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PGA Tour members speak out, slam LIV golfers’ antitrust


PGA Tour commissioner Jay Monahan on Wednesday encouraged members of the circuit to speak out against their “former colleagues” after 11 players who defected to LIV Golf filed an antitrust lawsuit against the Tour. 

Several of them jumped on the open invitation. 

Will Zalatoris, second-place finisher at the 2022 PGA Championship, did not appear to welcome the idea of those players who have either resigned their membership to join the rival Saudi-backed league or played without release rejoining the Tour. 

Will Zalatoris reacts after missing a putt on the 18th hole during the final round of the U.S. Open golf tournament at The Country Club in Brookline, Massachusetts, on June 19, 2022.
(AP Photo/Robert F. Bukaty)


He called their decision “detrimental” to the PGA Tour. 

“The part to me that I feel is a little frustrating is the fact that obviously, they made their choice to go over there — they’re playing a direct competing tour and they want to come back over here and play… what they’re doing, going over there, is detrimental to our Tour. So, you can’t have it both ways,” Zalatoris said via the Golf Channel.

Will Zalatoris plays his shot from the eighth tee during the third round of the 122nd U.S. Open Championship at The Country Club in Brookline, Massachusetts, on June 18, 2022.
(Ross Kinnaird/Getty Images)

Similarly, four-time PGA Tour winner Kevin Kisner called it a “difficult situation,” adding that while he has no “hard feelings” for those who joined the rival circuit, he believes they should “stick to where they moved to.”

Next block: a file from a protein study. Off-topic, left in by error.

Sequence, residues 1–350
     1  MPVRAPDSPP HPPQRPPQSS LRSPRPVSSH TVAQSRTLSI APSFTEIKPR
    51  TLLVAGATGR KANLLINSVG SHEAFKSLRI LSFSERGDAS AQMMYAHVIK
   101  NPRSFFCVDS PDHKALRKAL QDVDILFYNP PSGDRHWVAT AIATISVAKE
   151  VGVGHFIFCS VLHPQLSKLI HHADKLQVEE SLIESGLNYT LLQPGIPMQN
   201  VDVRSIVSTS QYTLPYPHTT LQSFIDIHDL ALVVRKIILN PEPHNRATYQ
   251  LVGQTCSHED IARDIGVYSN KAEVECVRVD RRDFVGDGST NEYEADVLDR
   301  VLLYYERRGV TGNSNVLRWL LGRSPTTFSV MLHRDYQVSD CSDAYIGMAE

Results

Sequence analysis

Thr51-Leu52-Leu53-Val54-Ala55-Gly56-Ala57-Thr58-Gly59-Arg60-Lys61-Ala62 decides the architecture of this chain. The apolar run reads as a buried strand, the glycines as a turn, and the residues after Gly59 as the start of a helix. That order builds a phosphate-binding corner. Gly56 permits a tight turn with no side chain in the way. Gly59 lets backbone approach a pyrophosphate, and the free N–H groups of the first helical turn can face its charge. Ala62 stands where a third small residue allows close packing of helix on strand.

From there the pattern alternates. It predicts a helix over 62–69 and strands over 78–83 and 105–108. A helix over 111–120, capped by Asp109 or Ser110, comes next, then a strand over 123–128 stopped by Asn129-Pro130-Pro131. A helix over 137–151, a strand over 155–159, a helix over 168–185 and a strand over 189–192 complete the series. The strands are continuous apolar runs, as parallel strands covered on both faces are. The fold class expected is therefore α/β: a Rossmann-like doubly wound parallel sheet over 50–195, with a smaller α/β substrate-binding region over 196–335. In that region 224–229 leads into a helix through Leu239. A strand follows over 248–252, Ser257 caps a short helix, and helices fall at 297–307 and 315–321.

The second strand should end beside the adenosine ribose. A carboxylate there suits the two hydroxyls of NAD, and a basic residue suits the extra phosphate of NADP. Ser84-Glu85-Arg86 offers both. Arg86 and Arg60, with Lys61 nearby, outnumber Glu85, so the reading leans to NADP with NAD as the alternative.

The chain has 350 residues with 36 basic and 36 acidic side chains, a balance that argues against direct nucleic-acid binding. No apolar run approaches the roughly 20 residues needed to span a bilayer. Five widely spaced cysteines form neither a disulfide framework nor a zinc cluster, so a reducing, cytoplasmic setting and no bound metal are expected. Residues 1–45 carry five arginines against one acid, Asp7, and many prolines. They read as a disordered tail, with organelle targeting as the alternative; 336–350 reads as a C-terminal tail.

“Obviously, they didn’t like something about our Tour, so they went to a different tour, and now they’re trying to fight to come back to our Tour. Doesn’t make a whole lot of sense to me,” said Kisner. 


Phil Mickelson and 10 other LIV golfers have filed an antitrust lawsuit claiming the PGA Tour’s indefinite suspensions were aimed at hurting their careers. In addition to the complaint, three other golfers — Talor Gooch, Hudson Swafford and Matt Jones — have all filed for a temporary restraining order to compete in next week’s FedEx Cup playoffs, arguing that they qualified before joining LIV Golf.

Phil Mickelson attends a press conference at the Centurion Club, Hertfordshire, England, ahead of the LIV Golf Invitational Series, on June 8, 2022.
(Steven Paston/PA via AP)

J.T. Poston, who joined the Tour in 2015, voiced his concern that the lawsuit ultimately affects the players they once competed alongside with. 

“When you have these lawsuits and stuff like that, the money that’s being used to fight those lawsuits and to support those cases, I guess, are coming out of our pockets — the guys that have stuck with the Tour, a Tour that has done so much good for so many guys out here,” he told the Golf Channel.  

Other players have taken to social media to share the same sentiment. 

“​​It’s truly sad that 3 LIV players are trying to play in the FedEx cup playoffs,” Michael Kim said in a tweet Wednesday. “You’ve made the decision to LIV, just stay there. You’ve taken the money which is fine but this is shameless. Just because it’s free doesn’t mean you have to say yes.”


“I don’t have any problems with all these guys taking the money, and playing LIV. If that’s what they want to do great,” he added in a separate tweet. “Just don’t try to force your way to play the FedEx playoff events because the LIV lawyers offered and the legal fees are paid for.”

From left: Pat Perez, Brooks Koepka and Patrick Reed speak to the media prior to the LIV Golf Invitational – Portland at Pumpkin Ridge Golf Club in North Plains, Oregon, on June 28, 2022.
(Jonathan Ferrey/LIV Golf via Getty Images)

“It sounds like some people want their cake and to eat it too,” Joel Dahmen said. “Please stay away in your fantasy land. Sincerely, most tour players.” 

In an open letter addressing the Tour, Monahan vowed to “vigorously” fight against the lawsuit to protect the PGA Tour. 

“This is your Tour, built on the foundation that we work together for the good and growth of the organization… and then you reap the rewards. It seems your former colleagues have forgotten one important aspect of that equation,” the commissioner wrote.

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